For the past couple of weeks I have been going on a bit about the Noël Coward celebration taking place in NYC and the Film Society of Lincoln Center’s Coward on Film programming series to go along with it. This past Saturday, I had the pleasure of catching a double feature of Brief Encounter and the subject of this post, the highbrow comedy Blithe Spirit.
This was the third of four collaborations between Coward and renowned director David Lean and based on Coward’s long running West End play (ran for nearly 2000 performances – longer than the whole of WWII)!
This screening was especially exciting because the audience was treated to a newly restored 35mm print of the film (in vibrant Technicolor, no less). This guaranteed that seeing it on the big screen would not disappoint. Thank you BFI (British Film Institute).
In terms of plot, the BFI (website) offers this very succinct and on point synopsis:
A harmless séance at the home of novelist Charles Condomine (Rex Harrison) and his wife Ruth (Constance Cummings) summons up the ghost of Charles’ glamorous first wife Elvira (Kay Hammond in a reprisal of her stage role).
With respect to the end product, Coward himself thought the film was a largely inferior product to the stage play. In fact he used words which are not suitable for this website to describe it.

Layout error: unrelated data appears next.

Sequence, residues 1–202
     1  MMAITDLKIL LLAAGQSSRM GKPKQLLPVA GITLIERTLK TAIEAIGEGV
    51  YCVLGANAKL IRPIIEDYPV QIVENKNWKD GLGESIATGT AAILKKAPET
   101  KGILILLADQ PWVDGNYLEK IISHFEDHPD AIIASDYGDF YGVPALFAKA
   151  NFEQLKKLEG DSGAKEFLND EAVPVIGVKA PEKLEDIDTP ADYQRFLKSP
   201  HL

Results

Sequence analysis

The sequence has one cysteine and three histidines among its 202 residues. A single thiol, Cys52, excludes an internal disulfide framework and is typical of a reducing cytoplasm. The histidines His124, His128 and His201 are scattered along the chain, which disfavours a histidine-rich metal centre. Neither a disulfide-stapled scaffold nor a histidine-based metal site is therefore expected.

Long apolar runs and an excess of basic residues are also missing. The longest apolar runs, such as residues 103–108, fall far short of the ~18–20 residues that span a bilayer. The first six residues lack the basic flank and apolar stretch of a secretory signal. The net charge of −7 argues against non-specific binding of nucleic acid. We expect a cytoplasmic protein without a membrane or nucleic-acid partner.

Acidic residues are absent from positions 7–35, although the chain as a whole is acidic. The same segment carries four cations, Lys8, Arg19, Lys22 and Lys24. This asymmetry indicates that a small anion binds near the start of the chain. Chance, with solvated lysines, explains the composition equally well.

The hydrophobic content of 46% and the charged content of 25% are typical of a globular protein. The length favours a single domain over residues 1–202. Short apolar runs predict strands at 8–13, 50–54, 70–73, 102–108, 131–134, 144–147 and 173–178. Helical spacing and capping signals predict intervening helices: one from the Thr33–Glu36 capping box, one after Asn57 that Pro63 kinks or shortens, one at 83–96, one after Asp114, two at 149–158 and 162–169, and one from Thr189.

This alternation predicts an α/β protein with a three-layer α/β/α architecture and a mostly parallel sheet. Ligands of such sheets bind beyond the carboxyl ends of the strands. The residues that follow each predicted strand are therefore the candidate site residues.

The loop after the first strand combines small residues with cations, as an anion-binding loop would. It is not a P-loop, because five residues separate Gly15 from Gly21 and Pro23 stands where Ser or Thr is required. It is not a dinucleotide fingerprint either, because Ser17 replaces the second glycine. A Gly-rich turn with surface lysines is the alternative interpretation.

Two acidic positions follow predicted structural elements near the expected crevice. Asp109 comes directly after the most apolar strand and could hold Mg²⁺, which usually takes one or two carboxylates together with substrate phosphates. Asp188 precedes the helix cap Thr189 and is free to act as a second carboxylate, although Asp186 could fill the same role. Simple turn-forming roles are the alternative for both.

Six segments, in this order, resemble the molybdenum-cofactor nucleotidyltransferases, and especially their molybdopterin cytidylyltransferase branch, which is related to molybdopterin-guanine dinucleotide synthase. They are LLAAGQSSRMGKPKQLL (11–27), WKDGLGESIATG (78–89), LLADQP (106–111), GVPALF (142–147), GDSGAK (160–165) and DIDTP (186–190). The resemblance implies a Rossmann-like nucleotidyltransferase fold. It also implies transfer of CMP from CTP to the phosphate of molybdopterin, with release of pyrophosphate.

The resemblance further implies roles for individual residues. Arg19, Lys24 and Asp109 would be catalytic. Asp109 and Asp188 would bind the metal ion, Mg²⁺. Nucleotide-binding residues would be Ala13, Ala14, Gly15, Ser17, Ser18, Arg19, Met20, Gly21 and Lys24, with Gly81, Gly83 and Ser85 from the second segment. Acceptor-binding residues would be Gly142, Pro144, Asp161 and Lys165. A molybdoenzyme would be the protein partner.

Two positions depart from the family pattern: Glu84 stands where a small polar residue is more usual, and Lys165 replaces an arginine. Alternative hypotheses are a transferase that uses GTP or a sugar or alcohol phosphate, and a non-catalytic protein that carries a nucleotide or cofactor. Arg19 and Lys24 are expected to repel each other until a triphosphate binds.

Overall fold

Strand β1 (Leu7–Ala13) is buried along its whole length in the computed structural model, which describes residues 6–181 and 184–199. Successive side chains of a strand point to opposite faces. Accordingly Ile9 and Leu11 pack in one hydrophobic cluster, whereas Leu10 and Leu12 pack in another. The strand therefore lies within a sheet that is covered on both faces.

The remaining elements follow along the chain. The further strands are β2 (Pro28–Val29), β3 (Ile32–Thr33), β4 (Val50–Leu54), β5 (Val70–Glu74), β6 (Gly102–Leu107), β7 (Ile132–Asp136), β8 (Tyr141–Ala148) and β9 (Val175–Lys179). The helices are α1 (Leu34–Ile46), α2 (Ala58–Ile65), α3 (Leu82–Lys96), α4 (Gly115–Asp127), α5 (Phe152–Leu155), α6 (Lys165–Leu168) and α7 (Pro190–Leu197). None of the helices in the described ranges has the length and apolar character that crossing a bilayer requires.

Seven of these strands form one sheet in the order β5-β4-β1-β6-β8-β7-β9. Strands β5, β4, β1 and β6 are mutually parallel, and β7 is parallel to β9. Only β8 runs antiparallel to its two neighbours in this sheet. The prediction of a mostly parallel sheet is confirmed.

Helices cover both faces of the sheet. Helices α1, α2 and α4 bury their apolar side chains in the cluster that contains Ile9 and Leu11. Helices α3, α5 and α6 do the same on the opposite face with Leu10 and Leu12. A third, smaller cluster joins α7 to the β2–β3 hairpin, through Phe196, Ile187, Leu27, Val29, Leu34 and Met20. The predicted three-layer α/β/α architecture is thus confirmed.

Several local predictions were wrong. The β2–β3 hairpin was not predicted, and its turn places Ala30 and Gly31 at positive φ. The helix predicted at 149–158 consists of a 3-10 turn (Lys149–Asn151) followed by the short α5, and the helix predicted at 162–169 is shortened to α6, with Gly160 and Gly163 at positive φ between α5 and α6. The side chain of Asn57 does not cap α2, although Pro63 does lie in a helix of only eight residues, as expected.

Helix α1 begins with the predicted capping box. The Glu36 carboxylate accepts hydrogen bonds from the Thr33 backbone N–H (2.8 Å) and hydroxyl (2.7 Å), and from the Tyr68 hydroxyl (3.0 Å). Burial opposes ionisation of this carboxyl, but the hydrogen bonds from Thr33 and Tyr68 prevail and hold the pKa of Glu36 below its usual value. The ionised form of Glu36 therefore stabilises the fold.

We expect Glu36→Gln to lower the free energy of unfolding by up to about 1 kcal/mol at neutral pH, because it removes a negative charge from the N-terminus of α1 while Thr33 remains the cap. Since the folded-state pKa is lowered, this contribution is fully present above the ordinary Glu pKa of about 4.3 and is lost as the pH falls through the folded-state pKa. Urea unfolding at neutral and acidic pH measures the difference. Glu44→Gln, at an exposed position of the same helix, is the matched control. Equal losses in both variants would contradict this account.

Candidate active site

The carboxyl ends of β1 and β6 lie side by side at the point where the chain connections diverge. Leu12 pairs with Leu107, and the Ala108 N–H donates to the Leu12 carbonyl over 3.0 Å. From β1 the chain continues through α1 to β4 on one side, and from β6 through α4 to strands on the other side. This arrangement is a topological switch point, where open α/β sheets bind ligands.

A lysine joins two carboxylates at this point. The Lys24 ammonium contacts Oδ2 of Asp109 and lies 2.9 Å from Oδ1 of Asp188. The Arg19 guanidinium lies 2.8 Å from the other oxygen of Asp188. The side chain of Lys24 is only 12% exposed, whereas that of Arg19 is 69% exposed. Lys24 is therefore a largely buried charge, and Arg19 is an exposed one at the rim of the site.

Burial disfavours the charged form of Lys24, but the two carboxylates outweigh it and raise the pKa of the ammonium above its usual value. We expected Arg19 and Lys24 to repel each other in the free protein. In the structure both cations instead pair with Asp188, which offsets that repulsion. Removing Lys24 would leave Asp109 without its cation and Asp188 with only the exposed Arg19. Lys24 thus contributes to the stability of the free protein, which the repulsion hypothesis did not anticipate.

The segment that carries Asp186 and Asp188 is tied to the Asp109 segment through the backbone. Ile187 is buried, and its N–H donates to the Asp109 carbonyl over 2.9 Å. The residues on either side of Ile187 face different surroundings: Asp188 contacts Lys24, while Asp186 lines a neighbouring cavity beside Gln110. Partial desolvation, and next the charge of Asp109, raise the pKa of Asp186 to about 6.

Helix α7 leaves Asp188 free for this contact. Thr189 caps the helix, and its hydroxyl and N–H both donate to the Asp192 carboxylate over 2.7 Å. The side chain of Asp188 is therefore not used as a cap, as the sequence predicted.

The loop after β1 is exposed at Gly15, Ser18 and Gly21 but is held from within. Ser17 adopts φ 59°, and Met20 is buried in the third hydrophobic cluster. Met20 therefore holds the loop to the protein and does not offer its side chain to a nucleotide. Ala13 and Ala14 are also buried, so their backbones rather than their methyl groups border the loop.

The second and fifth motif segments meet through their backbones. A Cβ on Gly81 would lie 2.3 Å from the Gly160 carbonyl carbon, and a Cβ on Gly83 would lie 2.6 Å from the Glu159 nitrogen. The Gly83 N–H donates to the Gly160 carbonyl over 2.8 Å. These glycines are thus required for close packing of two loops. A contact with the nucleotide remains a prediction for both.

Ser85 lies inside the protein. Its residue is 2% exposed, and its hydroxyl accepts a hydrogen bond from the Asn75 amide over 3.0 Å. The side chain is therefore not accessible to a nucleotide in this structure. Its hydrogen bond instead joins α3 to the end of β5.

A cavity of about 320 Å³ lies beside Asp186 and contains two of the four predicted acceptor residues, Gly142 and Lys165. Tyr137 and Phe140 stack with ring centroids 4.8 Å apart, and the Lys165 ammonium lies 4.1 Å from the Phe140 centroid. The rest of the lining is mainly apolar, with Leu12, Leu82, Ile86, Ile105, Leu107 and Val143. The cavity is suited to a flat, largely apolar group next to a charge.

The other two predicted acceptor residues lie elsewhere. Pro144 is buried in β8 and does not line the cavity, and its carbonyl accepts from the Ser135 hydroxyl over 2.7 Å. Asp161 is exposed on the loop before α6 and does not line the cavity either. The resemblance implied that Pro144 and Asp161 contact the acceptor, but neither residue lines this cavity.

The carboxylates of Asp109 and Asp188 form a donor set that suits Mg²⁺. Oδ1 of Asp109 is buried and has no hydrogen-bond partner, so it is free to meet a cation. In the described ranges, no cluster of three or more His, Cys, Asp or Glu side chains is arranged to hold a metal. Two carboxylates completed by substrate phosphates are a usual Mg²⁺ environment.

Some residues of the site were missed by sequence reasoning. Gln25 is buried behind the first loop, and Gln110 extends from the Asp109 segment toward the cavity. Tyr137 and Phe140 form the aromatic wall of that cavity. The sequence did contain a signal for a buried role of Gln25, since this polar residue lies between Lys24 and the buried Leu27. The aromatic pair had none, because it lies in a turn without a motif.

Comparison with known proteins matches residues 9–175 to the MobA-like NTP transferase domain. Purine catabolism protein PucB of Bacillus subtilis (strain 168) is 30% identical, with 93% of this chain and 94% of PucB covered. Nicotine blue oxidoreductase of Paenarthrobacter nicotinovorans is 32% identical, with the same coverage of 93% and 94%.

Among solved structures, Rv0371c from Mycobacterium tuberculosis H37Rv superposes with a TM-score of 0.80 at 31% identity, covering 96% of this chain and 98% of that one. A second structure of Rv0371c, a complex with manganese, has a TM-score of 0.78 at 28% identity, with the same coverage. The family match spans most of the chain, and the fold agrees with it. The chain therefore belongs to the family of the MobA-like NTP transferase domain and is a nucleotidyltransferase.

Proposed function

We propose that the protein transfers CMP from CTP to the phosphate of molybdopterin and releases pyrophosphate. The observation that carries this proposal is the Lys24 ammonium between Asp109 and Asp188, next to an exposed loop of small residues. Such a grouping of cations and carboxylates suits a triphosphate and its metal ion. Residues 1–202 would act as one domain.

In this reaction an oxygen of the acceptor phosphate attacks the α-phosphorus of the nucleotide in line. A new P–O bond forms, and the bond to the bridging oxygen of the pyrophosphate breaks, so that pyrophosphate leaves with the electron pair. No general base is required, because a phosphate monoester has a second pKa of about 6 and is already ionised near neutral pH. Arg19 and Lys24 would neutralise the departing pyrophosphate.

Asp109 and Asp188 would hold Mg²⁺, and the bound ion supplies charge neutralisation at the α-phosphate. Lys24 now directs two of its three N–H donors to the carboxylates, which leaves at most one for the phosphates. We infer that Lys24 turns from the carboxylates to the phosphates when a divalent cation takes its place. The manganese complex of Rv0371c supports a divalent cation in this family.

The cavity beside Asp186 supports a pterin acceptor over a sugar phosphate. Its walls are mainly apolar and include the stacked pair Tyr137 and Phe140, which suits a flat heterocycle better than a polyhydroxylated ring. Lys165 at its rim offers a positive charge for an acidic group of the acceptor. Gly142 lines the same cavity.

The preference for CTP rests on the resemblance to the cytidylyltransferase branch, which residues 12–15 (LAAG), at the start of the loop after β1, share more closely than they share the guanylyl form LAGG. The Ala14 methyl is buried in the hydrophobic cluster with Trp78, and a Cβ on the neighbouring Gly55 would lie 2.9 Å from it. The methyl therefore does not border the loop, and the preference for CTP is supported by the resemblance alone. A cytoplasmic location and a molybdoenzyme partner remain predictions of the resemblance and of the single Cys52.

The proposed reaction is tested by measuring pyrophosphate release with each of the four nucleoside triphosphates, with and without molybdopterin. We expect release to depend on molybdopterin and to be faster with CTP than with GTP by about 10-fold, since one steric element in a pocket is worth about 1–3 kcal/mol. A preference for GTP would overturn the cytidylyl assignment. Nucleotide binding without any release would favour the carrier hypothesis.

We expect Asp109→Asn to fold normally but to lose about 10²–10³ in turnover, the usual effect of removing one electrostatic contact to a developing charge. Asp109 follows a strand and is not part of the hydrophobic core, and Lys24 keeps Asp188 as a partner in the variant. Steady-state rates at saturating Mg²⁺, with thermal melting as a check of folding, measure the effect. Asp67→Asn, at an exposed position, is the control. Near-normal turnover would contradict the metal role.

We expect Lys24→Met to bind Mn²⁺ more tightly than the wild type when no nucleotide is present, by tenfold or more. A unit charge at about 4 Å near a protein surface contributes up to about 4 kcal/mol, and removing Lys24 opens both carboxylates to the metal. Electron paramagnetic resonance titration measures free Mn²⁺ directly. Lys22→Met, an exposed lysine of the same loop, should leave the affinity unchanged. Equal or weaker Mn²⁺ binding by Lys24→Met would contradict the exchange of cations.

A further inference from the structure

For my part, there were enough moments that had me cracking up, most notably …
- The interaction of Charles, Ruth and Elvira in their scenes. I can only imagine how wonderfully this translated on the stage.
- The scene in which Charles and Ruth are arguing and the subject of past relationships comes up – “If you’re trying to compile an inventory of my sex life, I feel it only fair to warn you that you’ve omitted several episodes. I shall consult my diary and give you a complete list after lunch.” This was line was excised from the American release of the film (deemed too risqué). Source: Wikipedia
- The revelation of the cause of Elvira’s death – I was floored!
- Madame Arcati’s absent-mindedness and incompetence at 1) not realizing what she has unleashed and 2) her several failed attempts at trying to make it right. Rutherford does scatter-brained very well.
One thing that absolutely DID NOT work to for me was the desired affect was the
ghastly ghostly makeup – the ethereal, ectoplasmic other-worldliness that was the goal was completely lost in the Technicolor haze. Instead of Statue of Liberty oxidized green, maybe they should have gone for a white or off white.
Another issue of concern is David Lean’s direction. Granted, this film was quite early in his career (well before the grand, sweeping epics that would become his trademark), but it is clear that his comfort zone is in the realm of drama, not comedy. In fact, Rex Harrison allegedly was not happy with how Lean handled the production.
In the end I was able to overlook these issues because the writing and acting worked well.
A BIT OF TRIVIA: Ironically, according to Coward scholar and introducer of the film, curator Brad Rosenstein, Margaret Rutherford (Madame Arcati) did not “get” the humor of the play or film. This is ironic because she delivers a great share of the laughs in the film.